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The Rev. Dr. Michael Wesley Sr., Greater Shiloh, ‘Keep lessons of healing and nonviolence in mind’

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The Rev. Dr. Michael Wesley Sr., pastor, Greater Shiloh Missionary Baptist Church, in Southwest Birmingham. (Marvin Gentry, For The Birmingham Times)
By Sydney Melson
The Birmingham Times

The Rev. Dr. Michael Wesley Sr., Greater Shiloh Missionary Baptist Church, Southwest Birmingham, pastor there for 35 years, urged everyone to keep Dr. Martin Luther King’s lessons of nonviolence and healing in mind “so we don’t teeter toward a pattern of violence and retaliatory behavior.”

“There are many people on both sides who want to take up arms, but that must be avoided at all costs,” he said. “I think there has to be a continued call for not just Black people but all people to stand up against the inhumane treatment of people, period. When Black people only are protesting, that’s what’s expected. But when the young, the old, politicians, athletes, musicians, people from all genres speak with one voice, then the [violence] stops. It’s a message of unity.”

Wesley said congregations with people from all backgrounds and all walks of life should speak up.

“We have to involve white pastors; they need to speak to their congregations. If the white church had spoken against [racial injustice] years ago, it would not have had a chance, but they were silent,” he said. “King’s message [of nonviolence] is a Christian view. It’s the way Jesus wants us to live.”

Wesley believes King’s message of nonviolence applies today.

“Jesus said if you live by the sword, you’ll die by the sword. If you live a violent life, you’re going to suffer,” he said. “[Jesus] tells us that if someone hits us on the left cheek, we should turn the other cheek. We should not be retaliatory. … We don’t have to like it, but we don’t have to respond with an eye for an eye. We’re living under grace, so we should respond with graciousness.”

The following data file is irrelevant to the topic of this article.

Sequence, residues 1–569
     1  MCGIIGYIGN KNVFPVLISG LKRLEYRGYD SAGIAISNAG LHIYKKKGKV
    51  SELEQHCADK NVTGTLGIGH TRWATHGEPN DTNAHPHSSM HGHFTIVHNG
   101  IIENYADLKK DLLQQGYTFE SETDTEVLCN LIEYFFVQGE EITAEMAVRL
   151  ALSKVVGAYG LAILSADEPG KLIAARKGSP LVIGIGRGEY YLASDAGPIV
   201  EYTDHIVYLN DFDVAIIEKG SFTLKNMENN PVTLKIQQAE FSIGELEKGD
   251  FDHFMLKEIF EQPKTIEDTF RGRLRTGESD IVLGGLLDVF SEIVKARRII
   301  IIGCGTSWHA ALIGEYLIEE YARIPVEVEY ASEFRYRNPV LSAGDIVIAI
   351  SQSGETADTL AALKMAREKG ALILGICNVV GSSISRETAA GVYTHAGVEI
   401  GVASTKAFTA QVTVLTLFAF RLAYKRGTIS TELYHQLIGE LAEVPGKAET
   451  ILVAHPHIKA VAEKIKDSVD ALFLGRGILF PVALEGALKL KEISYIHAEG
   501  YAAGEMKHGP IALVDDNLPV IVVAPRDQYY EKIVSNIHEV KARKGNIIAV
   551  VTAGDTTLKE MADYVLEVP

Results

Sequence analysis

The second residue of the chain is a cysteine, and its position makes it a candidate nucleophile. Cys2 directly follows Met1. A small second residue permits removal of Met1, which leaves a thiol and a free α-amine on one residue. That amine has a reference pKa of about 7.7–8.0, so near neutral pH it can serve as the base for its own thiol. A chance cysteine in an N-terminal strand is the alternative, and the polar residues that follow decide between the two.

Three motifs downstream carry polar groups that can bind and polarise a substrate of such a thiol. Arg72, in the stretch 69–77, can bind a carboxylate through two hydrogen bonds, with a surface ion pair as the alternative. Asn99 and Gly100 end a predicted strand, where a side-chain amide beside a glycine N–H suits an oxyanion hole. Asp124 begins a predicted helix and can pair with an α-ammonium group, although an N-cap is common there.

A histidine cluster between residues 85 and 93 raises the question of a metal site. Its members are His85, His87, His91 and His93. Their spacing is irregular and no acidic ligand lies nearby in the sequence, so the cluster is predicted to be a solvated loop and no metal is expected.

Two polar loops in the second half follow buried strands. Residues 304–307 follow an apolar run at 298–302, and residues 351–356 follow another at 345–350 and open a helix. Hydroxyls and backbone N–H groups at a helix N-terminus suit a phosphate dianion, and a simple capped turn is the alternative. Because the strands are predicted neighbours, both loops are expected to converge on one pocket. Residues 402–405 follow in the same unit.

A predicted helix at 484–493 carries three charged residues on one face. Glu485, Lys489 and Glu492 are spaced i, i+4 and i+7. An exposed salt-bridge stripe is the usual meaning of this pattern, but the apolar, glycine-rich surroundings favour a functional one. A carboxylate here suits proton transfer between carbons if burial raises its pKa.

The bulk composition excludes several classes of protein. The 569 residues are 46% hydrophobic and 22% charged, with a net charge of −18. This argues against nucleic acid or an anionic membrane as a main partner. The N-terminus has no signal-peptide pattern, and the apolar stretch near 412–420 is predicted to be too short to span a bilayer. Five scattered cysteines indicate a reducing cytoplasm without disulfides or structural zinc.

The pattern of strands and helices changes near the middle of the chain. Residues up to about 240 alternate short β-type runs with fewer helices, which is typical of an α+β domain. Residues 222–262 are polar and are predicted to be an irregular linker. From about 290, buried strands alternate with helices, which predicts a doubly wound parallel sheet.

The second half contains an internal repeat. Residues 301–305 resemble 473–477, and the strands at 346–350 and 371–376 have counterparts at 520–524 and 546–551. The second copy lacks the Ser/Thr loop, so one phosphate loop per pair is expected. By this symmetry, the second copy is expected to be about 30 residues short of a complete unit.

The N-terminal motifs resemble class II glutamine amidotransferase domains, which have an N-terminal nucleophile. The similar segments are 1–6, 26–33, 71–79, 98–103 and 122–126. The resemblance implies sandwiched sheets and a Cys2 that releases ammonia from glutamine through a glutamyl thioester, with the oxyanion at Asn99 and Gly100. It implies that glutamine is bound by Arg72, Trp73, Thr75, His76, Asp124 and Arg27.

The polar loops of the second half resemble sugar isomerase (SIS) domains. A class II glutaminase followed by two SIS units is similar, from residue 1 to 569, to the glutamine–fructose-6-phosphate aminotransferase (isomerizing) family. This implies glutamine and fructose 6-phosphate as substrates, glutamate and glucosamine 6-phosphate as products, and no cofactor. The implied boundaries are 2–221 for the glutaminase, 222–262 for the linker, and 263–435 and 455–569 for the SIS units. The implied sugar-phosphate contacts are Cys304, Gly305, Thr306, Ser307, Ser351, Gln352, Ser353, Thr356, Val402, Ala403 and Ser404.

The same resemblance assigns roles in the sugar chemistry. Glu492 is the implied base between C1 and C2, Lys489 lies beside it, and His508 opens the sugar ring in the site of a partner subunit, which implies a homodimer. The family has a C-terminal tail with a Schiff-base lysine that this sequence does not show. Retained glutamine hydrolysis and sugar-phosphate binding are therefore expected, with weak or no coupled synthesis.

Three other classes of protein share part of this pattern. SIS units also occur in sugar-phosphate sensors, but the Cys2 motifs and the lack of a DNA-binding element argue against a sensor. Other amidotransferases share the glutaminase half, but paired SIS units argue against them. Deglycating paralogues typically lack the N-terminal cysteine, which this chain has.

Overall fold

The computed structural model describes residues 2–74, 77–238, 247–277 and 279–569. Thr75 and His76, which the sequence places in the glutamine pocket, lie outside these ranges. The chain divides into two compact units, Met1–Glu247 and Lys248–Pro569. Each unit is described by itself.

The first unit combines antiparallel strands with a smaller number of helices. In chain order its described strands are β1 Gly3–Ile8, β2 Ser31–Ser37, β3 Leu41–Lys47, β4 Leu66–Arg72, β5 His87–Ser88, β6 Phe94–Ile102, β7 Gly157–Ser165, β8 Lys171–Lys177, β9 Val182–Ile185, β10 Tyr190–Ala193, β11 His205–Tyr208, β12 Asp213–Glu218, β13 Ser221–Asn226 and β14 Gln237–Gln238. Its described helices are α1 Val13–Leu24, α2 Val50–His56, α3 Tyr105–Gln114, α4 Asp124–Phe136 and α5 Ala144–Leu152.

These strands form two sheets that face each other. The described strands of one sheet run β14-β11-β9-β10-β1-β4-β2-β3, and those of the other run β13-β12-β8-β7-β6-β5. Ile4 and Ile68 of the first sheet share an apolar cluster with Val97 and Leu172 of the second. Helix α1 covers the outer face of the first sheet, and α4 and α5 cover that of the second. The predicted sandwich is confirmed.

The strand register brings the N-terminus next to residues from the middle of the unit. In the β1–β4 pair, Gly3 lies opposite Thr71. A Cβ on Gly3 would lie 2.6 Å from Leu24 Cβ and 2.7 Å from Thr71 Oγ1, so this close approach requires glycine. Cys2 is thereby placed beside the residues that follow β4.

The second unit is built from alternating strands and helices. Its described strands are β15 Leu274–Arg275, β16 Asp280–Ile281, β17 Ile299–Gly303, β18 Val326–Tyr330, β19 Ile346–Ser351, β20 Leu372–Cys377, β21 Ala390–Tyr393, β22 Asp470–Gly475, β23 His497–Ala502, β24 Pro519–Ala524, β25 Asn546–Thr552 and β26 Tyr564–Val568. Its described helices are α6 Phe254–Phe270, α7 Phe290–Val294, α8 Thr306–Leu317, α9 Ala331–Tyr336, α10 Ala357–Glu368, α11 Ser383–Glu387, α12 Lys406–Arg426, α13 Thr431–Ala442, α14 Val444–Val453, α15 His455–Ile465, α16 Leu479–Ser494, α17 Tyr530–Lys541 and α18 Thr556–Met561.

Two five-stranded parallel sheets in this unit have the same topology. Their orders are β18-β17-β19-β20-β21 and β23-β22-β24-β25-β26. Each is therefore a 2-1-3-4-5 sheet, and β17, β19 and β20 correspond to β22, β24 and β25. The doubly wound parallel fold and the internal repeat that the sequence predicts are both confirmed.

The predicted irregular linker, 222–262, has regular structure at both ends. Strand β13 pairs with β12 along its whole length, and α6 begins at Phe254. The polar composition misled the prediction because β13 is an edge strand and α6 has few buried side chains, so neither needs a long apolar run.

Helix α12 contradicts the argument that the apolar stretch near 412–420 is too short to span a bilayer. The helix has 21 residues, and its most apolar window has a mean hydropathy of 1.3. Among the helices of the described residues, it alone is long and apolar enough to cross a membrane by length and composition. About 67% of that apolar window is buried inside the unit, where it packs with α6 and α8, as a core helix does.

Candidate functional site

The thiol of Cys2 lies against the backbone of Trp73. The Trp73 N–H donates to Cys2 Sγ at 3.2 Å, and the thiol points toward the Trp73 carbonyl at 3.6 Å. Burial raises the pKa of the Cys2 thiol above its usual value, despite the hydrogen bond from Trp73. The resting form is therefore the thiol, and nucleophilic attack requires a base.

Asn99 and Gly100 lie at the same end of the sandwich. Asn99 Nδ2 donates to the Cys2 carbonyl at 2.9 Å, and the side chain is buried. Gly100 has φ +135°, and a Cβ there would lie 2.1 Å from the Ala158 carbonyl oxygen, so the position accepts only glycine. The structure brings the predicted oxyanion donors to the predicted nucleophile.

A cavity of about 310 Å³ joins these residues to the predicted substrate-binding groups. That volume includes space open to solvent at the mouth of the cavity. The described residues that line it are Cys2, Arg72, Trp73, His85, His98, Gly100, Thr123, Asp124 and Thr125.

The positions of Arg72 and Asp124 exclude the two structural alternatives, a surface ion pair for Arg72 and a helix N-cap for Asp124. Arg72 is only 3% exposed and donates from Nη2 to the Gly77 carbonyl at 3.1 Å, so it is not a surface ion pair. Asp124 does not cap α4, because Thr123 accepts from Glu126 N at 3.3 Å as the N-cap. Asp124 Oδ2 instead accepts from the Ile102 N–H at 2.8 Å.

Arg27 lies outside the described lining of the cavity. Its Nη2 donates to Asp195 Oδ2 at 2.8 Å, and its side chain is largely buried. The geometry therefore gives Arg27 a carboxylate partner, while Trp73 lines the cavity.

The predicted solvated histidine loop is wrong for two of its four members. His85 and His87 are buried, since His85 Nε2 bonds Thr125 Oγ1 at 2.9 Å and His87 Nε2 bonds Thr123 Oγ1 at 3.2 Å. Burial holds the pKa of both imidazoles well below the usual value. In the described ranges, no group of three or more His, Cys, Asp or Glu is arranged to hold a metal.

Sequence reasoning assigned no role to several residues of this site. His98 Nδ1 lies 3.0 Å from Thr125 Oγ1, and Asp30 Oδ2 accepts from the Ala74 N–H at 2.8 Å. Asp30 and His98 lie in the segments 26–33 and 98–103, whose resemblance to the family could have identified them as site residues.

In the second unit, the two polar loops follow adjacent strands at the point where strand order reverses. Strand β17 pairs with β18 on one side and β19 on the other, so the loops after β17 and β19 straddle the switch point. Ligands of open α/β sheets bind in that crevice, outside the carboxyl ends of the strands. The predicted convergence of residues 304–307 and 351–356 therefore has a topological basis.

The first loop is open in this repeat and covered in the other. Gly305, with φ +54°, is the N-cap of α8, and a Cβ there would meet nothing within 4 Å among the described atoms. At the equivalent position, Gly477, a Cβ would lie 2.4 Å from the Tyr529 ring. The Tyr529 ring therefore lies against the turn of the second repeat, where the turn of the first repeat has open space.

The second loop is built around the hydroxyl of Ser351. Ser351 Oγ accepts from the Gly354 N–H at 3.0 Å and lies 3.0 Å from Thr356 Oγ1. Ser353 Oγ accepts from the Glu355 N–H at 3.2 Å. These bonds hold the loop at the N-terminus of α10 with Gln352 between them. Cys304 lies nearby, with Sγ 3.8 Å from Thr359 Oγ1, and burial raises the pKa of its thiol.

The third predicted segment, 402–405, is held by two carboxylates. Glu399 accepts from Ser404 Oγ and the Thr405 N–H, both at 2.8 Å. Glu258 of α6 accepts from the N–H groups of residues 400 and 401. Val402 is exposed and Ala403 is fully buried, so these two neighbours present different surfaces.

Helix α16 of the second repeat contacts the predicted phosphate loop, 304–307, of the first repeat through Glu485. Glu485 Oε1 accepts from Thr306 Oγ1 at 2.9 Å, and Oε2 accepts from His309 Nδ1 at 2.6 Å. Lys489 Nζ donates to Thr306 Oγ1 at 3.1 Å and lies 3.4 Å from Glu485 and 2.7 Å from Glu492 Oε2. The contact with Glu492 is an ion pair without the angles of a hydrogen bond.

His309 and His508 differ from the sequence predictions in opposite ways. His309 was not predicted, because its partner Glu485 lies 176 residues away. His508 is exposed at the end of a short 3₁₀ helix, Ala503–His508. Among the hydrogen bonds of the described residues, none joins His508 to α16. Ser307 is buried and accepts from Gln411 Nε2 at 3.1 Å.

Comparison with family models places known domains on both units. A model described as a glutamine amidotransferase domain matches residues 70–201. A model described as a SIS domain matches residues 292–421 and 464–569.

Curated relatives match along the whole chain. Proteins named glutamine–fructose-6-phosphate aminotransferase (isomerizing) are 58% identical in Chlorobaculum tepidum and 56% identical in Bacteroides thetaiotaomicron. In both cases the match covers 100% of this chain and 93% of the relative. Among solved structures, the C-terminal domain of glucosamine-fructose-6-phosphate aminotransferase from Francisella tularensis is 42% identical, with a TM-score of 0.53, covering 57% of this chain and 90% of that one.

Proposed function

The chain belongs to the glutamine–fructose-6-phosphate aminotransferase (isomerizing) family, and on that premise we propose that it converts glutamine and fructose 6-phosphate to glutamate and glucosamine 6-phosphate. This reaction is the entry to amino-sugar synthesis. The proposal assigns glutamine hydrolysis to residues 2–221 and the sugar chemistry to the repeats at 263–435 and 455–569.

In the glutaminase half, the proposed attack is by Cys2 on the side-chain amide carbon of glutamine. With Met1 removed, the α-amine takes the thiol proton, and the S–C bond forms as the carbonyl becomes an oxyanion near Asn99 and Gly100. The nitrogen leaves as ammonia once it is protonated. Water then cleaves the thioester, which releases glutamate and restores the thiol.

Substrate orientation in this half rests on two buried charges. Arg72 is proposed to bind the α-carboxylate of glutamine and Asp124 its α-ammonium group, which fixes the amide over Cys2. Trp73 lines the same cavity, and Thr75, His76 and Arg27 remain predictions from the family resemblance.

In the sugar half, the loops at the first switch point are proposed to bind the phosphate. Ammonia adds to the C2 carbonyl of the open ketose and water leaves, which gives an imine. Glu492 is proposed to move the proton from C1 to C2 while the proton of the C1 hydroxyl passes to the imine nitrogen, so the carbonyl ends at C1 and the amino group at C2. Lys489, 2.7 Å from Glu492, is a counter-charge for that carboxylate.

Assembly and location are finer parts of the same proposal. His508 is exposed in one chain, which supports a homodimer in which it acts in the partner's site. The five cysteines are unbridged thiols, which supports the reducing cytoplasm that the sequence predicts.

Last week’s riot in Washington, D.C., according to Wesley, was an “affront to democracy,” and it shows a double standard that people of color are so used to seeing.

“If that had been a group of African Americans and Black Lives Matter protesters, they might still be pulling bodies out of the Capitol. The police would have turned with all vengeance on those persons, but yet they opened the gates and seemed to even be friendly with [the pro-Trump protesters],” he said.

Wesley added that the riot occurred due to a lack of solid leadership.

“That’s why we can value someone like King, … a dynamic leader who had the insight and foresight to see the potential of violent behaviors and ward those off,” he said. “He understood that if African Americans resorted to violent responses, they would be exterminated.”

Wesley said the fight against racial injustice should be done nonviolently—“The right way,” he added.

“We saw protests break into rioting and looting and other criminal activity [in 2020]. We need to avoid that because it would be a caricature expectation, and there will be some people who will exploit that. When people on the front lines are peacefully protesting for the rightfulness of the matter, that is necessary and should continue. It should be a diverse front, [though], not just a single element of society such as African Americans,” Wesley said.

Click one of the links below to read what other pastors had to say. 

The Rev. Charles Winston, New Mount Moriah Baptist Church, Hueytown

The Rev. Robert Sellers, Friendship Baptist Church, Homewood

The Rev. Ken Gordon, House of Light Church, downtown Birmingham

The Rev. Thomas Beavers, New Rising Star Church, Birmingham’s Brown Springs neighborhood

Bishop Calvin Woods, Shiloh Baptist Church, Birmingham’s Norwood neighborhood